I don’t see eggs therefore I don’t have a queen!!!! Nope! Not always true. The more experience I get the more I think “just shut them up and hope for the best for winter”. Different queens show different traits. I have purple/pink thorax girls who are laying up a storm. Mated in early September it’s like they want to set the world on fire. Contrast that to my dark carnolian girls. Tons of honey – smaller population. No eggs to be seen. The only reason I know these are viable hives is because I marked my queens and experience has proven that although the pit in my stomach at the declining population is real – these hives likely surprise me in the spring. They challenge all logic…seriously.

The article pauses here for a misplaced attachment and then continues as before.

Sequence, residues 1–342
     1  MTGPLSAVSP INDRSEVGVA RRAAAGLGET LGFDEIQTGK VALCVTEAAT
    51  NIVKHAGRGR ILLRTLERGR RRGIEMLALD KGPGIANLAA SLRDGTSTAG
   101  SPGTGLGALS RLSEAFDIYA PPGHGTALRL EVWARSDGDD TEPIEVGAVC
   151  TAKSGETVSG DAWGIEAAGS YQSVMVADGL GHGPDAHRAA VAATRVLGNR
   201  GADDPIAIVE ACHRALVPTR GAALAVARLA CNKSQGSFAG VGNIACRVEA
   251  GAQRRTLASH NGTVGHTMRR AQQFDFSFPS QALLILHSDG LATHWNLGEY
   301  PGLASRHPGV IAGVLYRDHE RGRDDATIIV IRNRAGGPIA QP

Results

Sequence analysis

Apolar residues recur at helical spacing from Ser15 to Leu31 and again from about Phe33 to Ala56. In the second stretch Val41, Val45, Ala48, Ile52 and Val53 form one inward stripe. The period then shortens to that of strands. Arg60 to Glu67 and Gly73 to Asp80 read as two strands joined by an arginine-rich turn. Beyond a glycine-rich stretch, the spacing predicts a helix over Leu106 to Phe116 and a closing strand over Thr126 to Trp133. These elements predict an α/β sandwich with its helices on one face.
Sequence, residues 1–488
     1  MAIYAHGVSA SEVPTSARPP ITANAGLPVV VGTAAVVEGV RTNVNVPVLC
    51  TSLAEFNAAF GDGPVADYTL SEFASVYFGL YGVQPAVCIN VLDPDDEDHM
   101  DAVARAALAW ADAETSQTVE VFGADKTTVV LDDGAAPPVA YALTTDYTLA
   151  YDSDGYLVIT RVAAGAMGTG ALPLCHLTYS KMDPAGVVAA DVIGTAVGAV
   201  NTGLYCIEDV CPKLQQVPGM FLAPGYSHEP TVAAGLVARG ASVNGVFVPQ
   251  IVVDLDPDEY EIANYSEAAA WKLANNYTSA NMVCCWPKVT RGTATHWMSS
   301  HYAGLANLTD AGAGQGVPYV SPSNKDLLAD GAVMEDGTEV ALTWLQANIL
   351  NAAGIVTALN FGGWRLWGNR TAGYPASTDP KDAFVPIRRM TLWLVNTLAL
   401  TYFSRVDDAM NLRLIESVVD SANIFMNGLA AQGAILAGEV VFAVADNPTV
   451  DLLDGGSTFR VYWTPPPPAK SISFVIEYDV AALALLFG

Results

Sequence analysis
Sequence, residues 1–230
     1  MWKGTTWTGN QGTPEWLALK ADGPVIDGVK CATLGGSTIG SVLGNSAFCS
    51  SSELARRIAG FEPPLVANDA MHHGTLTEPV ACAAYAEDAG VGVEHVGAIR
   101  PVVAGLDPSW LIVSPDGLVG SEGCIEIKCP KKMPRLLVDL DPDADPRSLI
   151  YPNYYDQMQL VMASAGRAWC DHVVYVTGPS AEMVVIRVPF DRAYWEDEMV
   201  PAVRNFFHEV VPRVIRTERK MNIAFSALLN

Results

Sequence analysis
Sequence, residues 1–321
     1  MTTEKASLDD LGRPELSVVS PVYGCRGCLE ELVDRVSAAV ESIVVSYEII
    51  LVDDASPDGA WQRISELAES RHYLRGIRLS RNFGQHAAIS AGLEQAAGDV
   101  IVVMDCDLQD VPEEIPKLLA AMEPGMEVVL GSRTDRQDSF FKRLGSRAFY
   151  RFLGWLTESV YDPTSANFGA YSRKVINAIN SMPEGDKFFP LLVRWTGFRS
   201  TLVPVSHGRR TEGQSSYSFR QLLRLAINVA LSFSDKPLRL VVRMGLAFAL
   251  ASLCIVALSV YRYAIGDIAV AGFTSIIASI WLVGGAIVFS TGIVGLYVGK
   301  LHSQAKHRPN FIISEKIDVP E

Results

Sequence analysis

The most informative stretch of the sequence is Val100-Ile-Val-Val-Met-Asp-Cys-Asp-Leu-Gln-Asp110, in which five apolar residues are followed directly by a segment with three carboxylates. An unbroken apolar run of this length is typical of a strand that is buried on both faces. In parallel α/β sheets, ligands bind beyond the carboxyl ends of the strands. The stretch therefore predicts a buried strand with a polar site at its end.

Do I have enough food? Water water, but not a drop to drink! Golden rod golden rod…but seriously no nectar! Pollen “yes”, nectar “no”. I knew this was coming. I’ve seen this year before….and yet did I do enough? Did I feed enough? All hives will get supplemental feed in case of emergency, but still….
Are my mites down? I should have known this two months ago…but temperatures were too high and treating with any honey supers on is labor intensive. What on earth did I do and was it enough?
Mice - There is nothing worse than opening a hive in January to be surprised by the cute little mouse and all her mouse poo greeting me….taunting me that I should have guarded earlier. What an easy prevention what in the world is my excuse! All honey is worthless. Can’t have that around food. Not to mention the stress on the bees. She’s been gobbling them up all winter. Naughty girl….if you weren’t so cute and detrimental to my bees I’d wish a very nasty death upon you. It’s still my fault….still leave. “go away!”